Big mistake number 1 happened before the race even started. Upon arriving in DC on Saturday morning, I realized I forgot something. I knew I would forget something that I needed to bring with me. Of course, I had to forget something I really needed: my KT Tape for my knee. I started to panic that my knee would not make it through 26.2 miles without my tape. I had no choice but to suck it up.
After meeting up with TNT briefly and waiting in line for the porta-pots for 45 flippin’ minutes, hubby and I headed to our starting corrals. He ran the half marathon and was in corral 8 while I was in 9 so we got to hang out together. The race started in waves so we had a bit of wait before we crossed the starting line. We had enough time to dash out of the corral and to the porta-pots next to the starting line for one last bathroom break.
Once we crossed the starting line, we ran together for the first half mile then I decided I needed to speed up a little. Enter mistake number 2. Because of my knee issues, I had to step back my training a little bit. Originally, my target pace was 9:09, but because of the knee stuff, I wasn’t sure what pace to aim for so I just went with what was comfortable. Unfortunately, what was comfortable in the beginning was way too fast for me. Allow me to break it down for you:
The first mile was fine, but dipping under the 9 minute mark by mile 3 was not smart. Miles 2, 3 and 4 were definitely too fast for me. After that my pace was okay. Ignore the appearance of speediness at mile 11, I think that was when I lost my satellite signal for a little while under a tunnel.
I started to not feel well by mile 8. Mile 8 out of 26.2. I knew that was a bad sign. I cursed myself for starting too fast. Although my quick start wasn’t my only problem. It was much warmer than I was used to in training. Even though we had a mild winter, I still grew accustomed to long runs in weather in the mid-30s to mid-40s. That is the perfect temperature for me. I had some really awesome long runs in the cooler temps. On Saturday morning, it was around 50 degrees at the start and warmed up to close to 70 by the end.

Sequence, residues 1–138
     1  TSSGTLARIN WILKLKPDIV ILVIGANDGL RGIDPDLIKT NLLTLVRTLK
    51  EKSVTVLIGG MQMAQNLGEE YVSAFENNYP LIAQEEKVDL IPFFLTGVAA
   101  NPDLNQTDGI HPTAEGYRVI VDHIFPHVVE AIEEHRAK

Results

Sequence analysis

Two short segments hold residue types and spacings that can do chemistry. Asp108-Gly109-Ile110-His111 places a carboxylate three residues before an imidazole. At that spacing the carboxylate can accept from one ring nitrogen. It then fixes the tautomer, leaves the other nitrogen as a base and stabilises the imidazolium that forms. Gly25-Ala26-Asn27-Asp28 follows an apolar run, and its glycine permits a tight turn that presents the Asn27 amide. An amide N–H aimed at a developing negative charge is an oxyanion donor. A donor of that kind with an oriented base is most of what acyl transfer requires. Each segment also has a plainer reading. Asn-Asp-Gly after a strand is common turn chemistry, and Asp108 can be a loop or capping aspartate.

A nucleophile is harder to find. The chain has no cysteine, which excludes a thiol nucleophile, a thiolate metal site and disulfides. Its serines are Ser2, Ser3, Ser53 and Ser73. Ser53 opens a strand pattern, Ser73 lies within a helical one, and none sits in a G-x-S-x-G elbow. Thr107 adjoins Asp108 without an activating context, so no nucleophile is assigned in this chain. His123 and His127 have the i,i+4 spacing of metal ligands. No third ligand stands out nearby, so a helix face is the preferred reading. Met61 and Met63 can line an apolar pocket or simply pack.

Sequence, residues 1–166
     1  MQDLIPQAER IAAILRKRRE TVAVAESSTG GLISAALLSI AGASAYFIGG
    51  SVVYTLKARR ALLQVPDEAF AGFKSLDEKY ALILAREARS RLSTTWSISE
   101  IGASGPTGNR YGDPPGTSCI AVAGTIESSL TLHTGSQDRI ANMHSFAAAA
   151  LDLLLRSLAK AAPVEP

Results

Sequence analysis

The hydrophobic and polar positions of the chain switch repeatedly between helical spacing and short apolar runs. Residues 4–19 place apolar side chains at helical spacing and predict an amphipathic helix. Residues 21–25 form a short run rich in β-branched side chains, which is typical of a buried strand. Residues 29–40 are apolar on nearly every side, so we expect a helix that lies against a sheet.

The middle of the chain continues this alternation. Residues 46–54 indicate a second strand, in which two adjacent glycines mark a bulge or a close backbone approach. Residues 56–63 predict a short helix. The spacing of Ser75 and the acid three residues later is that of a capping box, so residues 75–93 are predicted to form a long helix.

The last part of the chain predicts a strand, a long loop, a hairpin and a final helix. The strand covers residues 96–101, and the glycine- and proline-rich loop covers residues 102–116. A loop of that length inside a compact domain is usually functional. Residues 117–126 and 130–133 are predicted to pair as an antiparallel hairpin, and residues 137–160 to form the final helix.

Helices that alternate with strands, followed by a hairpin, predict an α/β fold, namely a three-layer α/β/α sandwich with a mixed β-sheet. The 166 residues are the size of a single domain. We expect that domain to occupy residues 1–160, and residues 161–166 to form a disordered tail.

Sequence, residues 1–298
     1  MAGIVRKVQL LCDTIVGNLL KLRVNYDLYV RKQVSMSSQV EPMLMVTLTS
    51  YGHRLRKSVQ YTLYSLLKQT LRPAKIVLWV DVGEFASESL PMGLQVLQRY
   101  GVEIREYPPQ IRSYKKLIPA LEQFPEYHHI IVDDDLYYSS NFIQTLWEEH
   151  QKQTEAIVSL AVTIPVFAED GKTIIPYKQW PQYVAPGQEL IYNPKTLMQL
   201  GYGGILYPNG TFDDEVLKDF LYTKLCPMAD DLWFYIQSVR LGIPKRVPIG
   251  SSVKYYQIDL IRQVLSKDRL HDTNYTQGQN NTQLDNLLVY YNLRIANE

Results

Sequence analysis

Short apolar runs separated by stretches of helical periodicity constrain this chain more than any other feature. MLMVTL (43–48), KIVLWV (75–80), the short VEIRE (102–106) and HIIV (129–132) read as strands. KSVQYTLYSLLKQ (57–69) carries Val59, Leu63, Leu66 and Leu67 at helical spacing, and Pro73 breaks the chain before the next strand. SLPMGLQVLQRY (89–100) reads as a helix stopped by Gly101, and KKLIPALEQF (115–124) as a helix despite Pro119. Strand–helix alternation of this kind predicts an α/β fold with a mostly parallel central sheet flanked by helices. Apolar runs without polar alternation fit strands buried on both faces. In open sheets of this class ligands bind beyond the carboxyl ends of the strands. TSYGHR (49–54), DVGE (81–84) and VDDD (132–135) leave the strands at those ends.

I had a side stitch that would not let up. A sweet TNT coach from another team ran alongside me for a little while to see how I was feeling. He told me to hang in there and that we had gotten through the worst of the hills. He was really encouraging, but I should know better than to trust that line about the hills. There are always more hills!
Around mile 12, my TNT coach pulled up next to me to check on me. One of the millions of reasons of why I love TNT is their amazing support at races. She told me if my side stitch didn’t go away by mile 15, I should ask the next coach I saw for some salt.
When the half marathoners split off to head to the finish line, I very seriously considered going to finish with them and calling it a day. Then I reminded myself that I didn’t do a 21 mile, a 20 mile and a 22 mile run to just do the half. I forced myself to keep going and took my first walking break. I was thankful that the crowd had thinned out so much. I was happy that when I hit the halfway point my time was 2:04. That’s better than my current half PR. I hoped that meant I was on track to at least finish around 4:15.
After my brief (30 second) walking break, I forged on and continued to fall apart. The nicest parts of the course were in the first half. The second half repeated back over some of the first part of the course then continued on through a lot of really boring parts of the city. There were some pockets of good crowd support, but they were pretty spaced out. There were a couple out and back areas and loops. Those are hard for me mentally because I envy the people passing in the direction that have already completed the loop or out and back. Note how my pace deteriorates rapidly:
I had to take a lot of walking breaks. I fought to get through every single mile. After my walking break at mile 13, I forced myself to get to mile 16 before taking another break. I walked as soon as I hit 16. Then I forced myself to make it to mile 18, then 20, then 21, and so on. My walking breaks got closer together. The more I walked, the harder it was to run again. Yet the more I ran, the more I felt discouraged and in pain.